(Reuters) - Finishing a maiden Ironman is a huge moment for any triathlete but when 21-year-old Florida resident Chris Nikic crossed the line at the weekend he became the first athlete with Down's Syndrome to achieve the feat.
Nearly 17 hours after embarking on the 2.4 mile swim, 112-mile bike ride and full marathon, Nikic arrived just inside the cut-off point for the Panama City Beach Ironman event.
His effort earned him a place in the Guinness World Records https://www.guinnessworldrecords.com/world-records/635648-first-person-with%C2%A0downs-syndrome-to-complete-an-ironman%C2%AE-triathlon and thousands of social media followers have been inspired by his determination to tackle one of sport's toughest challenges.
Spectators cheered as Nikic crossed the line on Saturday with his trainer Dan Grieb, who acted as guide, well after dark and with 14 minutes to spare to record a time.
The official Ironman Twitter account said he had "shattered barriers" and proving "anything is possible!"
A YouTube video https://www.youtube.com/watch?v=1zHjPq-FYCI shows Nikic in action with his proud father Nik close to tears in the transition zone before the marathon section which he completed in six hours 18 minutes.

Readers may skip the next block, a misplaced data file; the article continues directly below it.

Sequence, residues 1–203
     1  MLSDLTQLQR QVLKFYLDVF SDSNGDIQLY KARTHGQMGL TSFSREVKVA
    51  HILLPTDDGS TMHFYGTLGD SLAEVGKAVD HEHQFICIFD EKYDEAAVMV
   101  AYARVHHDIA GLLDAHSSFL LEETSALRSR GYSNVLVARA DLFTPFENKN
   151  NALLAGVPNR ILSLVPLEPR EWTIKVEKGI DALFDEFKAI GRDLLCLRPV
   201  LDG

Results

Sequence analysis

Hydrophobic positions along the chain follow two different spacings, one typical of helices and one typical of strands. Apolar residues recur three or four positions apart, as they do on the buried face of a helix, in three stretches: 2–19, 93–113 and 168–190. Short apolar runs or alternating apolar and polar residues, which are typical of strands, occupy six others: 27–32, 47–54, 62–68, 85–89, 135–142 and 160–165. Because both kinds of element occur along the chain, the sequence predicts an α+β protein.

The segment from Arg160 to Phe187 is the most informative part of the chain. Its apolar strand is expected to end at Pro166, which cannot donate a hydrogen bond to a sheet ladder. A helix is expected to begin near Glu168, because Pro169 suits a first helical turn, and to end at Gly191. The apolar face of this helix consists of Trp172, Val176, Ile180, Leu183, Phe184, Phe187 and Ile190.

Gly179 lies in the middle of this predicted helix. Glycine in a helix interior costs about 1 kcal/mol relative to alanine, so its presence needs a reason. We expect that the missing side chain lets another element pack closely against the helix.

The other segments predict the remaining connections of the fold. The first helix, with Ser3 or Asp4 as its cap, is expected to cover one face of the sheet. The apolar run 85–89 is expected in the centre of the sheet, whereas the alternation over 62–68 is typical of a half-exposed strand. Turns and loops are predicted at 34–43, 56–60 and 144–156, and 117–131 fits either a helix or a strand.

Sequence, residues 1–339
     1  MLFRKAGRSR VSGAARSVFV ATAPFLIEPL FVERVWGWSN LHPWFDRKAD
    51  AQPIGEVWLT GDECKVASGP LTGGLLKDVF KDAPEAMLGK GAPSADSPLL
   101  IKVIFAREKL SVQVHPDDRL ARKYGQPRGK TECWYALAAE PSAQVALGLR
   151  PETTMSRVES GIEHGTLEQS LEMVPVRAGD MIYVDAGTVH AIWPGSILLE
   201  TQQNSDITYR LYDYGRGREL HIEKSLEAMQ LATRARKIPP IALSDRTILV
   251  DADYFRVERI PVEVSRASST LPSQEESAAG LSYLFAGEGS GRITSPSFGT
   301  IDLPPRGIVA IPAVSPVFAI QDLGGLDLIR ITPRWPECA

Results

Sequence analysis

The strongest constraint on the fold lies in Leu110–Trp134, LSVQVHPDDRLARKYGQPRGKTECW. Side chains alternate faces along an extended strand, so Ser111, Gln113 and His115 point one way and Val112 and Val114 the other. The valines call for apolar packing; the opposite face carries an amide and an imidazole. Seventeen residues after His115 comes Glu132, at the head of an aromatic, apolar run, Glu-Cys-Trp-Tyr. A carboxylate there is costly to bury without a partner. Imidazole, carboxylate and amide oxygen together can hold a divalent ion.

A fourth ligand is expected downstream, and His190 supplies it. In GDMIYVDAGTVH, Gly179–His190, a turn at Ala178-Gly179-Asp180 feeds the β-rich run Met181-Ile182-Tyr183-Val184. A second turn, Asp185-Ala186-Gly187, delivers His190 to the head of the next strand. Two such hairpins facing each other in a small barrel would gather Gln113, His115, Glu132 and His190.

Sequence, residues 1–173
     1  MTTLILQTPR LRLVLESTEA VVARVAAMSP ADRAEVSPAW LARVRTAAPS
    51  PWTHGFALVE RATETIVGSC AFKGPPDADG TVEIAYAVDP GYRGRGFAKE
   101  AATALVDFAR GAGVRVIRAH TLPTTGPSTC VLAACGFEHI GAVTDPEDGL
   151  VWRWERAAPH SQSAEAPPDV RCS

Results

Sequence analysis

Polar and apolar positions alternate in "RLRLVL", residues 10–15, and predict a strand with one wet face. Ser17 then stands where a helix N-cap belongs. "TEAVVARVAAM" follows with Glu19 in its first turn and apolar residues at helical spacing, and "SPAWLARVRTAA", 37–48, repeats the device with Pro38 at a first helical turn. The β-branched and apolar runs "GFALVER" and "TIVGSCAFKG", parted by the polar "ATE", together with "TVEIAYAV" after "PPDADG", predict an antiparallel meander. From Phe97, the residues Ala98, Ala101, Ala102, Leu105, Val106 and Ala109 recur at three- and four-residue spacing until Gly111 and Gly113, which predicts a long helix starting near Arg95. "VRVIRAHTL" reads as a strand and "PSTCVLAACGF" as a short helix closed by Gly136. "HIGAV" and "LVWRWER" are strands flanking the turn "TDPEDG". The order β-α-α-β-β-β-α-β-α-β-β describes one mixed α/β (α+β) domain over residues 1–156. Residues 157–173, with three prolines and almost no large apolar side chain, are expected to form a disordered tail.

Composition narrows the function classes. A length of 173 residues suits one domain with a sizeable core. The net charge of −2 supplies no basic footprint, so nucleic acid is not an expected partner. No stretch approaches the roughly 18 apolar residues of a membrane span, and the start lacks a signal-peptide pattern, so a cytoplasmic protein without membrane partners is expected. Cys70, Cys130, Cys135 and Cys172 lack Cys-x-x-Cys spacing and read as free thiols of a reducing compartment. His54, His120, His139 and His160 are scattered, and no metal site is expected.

"You are almost an Ironman buddy. You're two thirds of an Ironman" his father says.
Nikic, who was born with the genetic condition that causes degrees of learning disability and slower physical development, took up triathlon three years ago after four ear surgeries kept him living a more sedentary lifestyle and gaining weight.
He set a target of becoming 1% fitter each day, beginning with one push-up. Now he trains six days a week.
"He's training with people, and in the process of training with him they included him in what they do," Nik told the Panama City News Herald. "They realized he was a pretty neat kid.
"They invite him to dinners and lunches and parties... this whole project has given him a whole new world of inclusion.
"Ironman has served as his platform to become a step closer to his goal of living a life of inclusion, normalcy and leadership. It's about being an example to other kids and families that face similar barriers, proving no dream or goal is too high."
On his Instagram account, which has ballooned to 71,000 followers, Nikic said he was focused on his next goal.
"Goal set and achieved. Time to set a new and BIGGER Goal for 2021," he wrote. "Whatever it is the strategy is the same. 1% Better every day. YES, I did the work but I had angels helping me."
Coach Grieb, an Ironman veteran, said working with Nikic had opened his eyes to a new world.
"Best 16 hours, 46 minutes and 9 seconds of my life!" he posted on Instagram.
American tennis great Billie Jean King, a lifelong campaigner for inclusion, offered her congratulations.
"No limits. No boundaries," she Tweeted. "Keep dreaming big and going for it, Chris!"
Nikic is now targeting the 2022 Special Olympics in Florida.
(Reporting by Martyn Herman; Editing by Ken Ferris)
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